By Jack Holmes
Slaves went above and beyond with their 2015 debut Are You Satisfied?, they gave a voice to a group of young British punks that have been largely starved over the last few years, with real musical gems only occasional rising to the scenes surface. Its title was an accurate description of the bands message, with the album striking at the struggles of the millennial generation in a country whose government has betrayed them at every turn, from doctors, to students to zero-hour contract workers. Their rallying cry of “Cheer up London” was one that resonated far beyond the capital it directly focused upon.
That punk soul and message is alive once again on Isaac Holman and Laurie Vincent’s follow up, Take Control, their messages are strong and clear, and come from a generation that need punk protest anthems more than ever. However, the flare that set Slaves apart on their rapid rise to champions of the festival circuit, is surprisingly scarce. Tongue in cheek humour is replaced with a monotonous wave of noise, not that Slave fans are going to be overwhelmingly disappointed by that fact, simply that Slaves have always come across as enjoying their craft and that entertainment factor is a little harder to find amongst Take Control’s riotous onslaught. The 16 track follow up occasionally reminds us of those entertaining, almost comic moments such as the 45-second-long Fuck the Hi-Hat, a well needing injection of energetic fun. Sadly, these cases are few and far between on an album that begins to feel repetitive and bland in comparison to the character they displayed just one year ago.
There are still moments of pure undiluted energy to be enjoyed though, the first single from the album Spit It Out is a perfect fit for the live shows the band made their name with in the early days of their formation back in 2012, and will undoubtedly serve them well on their UK tour this month. Streer Clear slows down the albums noise with an almost Joy Division bass line and allowing listeners some well needed breathing room while Hynotised features a pulsing riff that’s almost impossible not to tap along to. Still, most of the promising tracks fail to break into the realms of real greatness, often let down by vocals that fade into the noise and fury of the tracks, rather than lead them.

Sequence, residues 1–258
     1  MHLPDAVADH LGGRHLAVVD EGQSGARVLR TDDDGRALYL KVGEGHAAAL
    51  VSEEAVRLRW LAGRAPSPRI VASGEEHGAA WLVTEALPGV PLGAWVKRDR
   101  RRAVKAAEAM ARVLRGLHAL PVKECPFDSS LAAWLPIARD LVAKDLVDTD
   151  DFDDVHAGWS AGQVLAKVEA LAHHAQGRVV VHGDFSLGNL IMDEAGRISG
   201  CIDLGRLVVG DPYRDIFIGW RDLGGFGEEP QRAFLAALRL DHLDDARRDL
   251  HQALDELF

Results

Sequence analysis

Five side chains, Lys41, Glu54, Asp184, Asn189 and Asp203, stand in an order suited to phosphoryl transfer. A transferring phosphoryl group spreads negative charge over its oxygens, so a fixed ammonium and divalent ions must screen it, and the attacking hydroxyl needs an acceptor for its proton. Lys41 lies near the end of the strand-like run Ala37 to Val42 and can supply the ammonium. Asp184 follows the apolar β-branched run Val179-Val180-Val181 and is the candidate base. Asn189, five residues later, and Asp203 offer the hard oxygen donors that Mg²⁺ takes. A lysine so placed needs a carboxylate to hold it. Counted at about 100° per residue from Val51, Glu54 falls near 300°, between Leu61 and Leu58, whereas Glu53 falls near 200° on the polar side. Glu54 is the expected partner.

Take Control is in no way a bad album, put simply, Slaves fans will likely have just expected something more from a band that have so rapidly risen to their iconic rank. Having only been together for four years the duo remain in a strong position musically. The angry millennial punk is a force to be reckoned with and any band that can release a cover of Skepta’s Shutdown without coming off as a sell-out, grasping for mainstream fame or utterly insane has certainly earned their generations ear.
Critics have claimed that this album lets Slaves break free of their pigeonhole description as a “novelty act”, those writers and reviewers seem to be ignoring the character Slaves lose in that process. Although with the following Slaves currently wield, it’s unlikely to slow them down for too long.
You can find out more info on Slaves and their upcoming tour here.